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As we all know there are no live gigs taking place in the immediate future. However, any links to jazz streaming that are deemed suitable - i.e. with a professional approach - will be considered for posting.

Sunday, May 30, 2010

Claude Werner Quartet - Splinter @ The Bridge

Claude Werner (ten), Lloyd Wright (gtr), Laurence Blackadder (bs), David Carnegie (dms).

This gig was in the upper room of Newcastle's Bridge Hotel, on the small raised stage on which I’ve occasionally sung an unaccompanied folksong at the Monday folkclub. Forget my warblings – this gig was something else entirely.

The band played a storming set to a full house of fans of all ages. It was great from the word go, but no words were spoken at first, simply Claude looking cool in shades, black beret and red shirt, starting with a strong evocative sax, and the rest of the band murmuring instrumentally behind him.

It’s difficult to describe a gig such as this, you really have to be there (Why weren’t you, you other people?) because the pieces were all original compositions with intriguing titles such as I Have Nothing to Say to You and Things I Can Not Express, and other titles which we couldn’t hear properly because of the enthusiastic applause.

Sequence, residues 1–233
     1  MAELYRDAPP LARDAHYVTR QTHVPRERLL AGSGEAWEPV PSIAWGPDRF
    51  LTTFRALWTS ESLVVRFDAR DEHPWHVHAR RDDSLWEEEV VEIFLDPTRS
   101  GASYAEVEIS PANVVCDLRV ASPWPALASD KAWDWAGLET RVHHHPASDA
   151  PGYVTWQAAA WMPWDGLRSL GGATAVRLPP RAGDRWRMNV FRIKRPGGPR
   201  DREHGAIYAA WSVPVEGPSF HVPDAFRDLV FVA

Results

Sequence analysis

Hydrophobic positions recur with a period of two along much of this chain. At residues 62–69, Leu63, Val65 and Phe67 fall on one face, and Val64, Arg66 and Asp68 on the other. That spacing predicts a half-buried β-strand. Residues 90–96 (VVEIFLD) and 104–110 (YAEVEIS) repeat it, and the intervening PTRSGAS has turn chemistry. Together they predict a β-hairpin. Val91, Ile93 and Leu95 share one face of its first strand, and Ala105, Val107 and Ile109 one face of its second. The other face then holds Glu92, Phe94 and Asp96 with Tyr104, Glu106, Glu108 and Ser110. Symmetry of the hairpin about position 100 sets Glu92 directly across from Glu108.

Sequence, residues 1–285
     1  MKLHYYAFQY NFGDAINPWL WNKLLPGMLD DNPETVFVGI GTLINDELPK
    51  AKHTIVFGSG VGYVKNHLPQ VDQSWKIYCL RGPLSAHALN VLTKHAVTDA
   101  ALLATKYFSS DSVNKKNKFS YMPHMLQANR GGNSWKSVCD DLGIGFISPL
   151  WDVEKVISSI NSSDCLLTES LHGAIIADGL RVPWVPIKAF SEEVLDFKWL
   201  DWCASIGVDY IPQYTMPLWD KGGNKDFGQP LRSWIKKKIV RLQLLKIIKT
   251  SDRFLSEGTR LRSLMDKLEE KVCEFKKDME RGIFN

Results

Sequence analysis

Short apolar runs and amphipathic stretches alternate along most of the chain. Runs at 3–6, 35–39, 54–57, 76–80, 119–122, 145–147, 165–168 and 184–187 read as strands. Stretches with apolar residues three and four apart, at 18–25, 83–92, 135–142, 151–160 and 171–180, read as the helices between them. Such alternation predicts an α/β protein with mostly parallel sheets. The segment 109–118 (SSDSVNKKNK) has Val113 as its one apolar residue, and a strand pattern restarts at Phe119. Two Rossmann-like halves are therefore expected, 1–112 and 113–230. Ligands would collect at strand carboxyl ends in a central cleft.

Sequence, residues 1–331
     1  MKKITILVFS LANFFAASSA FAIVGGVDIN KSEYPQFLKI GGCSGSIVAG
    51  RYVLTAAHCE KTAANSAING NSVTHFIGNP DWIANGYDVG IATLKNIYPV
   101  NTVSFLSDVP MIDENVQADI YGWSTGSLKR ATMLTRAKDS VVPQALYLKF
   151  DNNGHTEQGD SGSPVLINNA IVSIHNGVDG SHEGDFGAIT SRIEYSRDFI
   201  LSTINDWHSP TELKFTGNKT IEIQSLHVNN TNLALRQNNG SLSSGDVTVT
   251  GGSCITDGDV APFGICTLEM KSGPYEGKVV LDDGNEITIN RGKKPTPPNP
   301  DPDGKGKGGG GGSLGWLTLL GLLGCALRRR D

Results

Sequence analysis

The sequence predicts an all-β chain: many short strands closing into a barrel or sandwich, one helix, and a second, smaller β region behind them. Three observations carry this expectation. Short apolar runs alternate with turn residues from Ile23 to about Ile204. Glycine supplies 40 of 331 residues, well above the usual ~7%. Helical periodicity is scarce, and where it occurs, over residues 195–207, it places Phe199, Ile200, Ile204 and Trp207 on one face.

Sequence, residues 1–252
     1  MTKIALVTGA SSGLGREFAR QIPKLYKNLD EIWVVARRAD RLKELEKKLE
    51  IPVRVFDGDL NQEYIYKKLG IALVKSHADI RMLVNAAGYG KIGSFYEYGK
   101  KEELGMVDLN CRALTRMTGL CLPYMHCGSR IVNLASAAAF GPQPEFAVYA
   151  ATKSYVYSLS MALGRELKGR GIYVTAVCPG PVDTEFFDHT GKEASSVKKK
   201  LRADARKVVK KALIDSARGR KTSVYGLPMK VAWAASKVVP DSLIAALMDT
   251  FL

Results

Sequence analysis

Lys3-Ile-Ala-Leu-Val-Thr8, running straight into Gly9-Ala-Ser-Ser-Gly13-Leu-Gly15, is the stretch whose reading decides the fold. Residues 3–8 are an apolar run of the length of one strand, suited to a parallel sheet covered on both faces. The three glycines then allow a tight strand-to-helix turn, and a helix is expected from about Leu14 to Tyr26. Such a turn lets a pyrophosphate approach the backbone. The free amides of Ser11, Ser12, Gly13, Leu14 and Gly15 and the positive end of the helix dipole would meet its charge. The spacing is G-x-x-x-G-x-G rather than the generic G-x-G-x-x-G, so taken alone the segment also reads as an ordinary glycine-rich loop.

There were generous amounts of hard fast playing, alternating with slow soulful sax and guitar. The solos were frequent and intriguing. I’ve never before seen a drummer who smiles so much, both at the other musicians and at the drums themselves. Always a good sign when a player smiles at his instrument. The guitarist was wonderfully creative and at one point sounded as if he was playing underwater, to approving nods from Claude. I’d liked to have heard more solos from the bass, partly because of his superb surname of Blackadder, but I’m told he’s a modest soul. The band was not afraid to play as a trio on some numbers, minus guitar, then minus drums, which added interest.

Claude’s sax featured brilliantly. I suspect he was doing things which were impossible, producing a deep breathy sound, then shimmering silver slivers of sound, with beautiful lyrical riffs in between. (Are they called riffs in jazz or is that just rock, you can tell I’m a novice at writing about jazz?). One item had Claude paying quick snatches of tune, with responding calls from the band, exciting stuff. The gig ended with Claude asking the punters what was wanted for an encore, a ‘Ballad or some hardcore’. We opted for hardcore to send us home happy for the rest of the holiday weekend!

Ann Alexander.

2 comments :

Roly said...

Knockout!
Roly.

Lance said...

Great review Ann - you're on the team.
As regards 'riffs' - it was a jazz term long before Rock was even a pebble.

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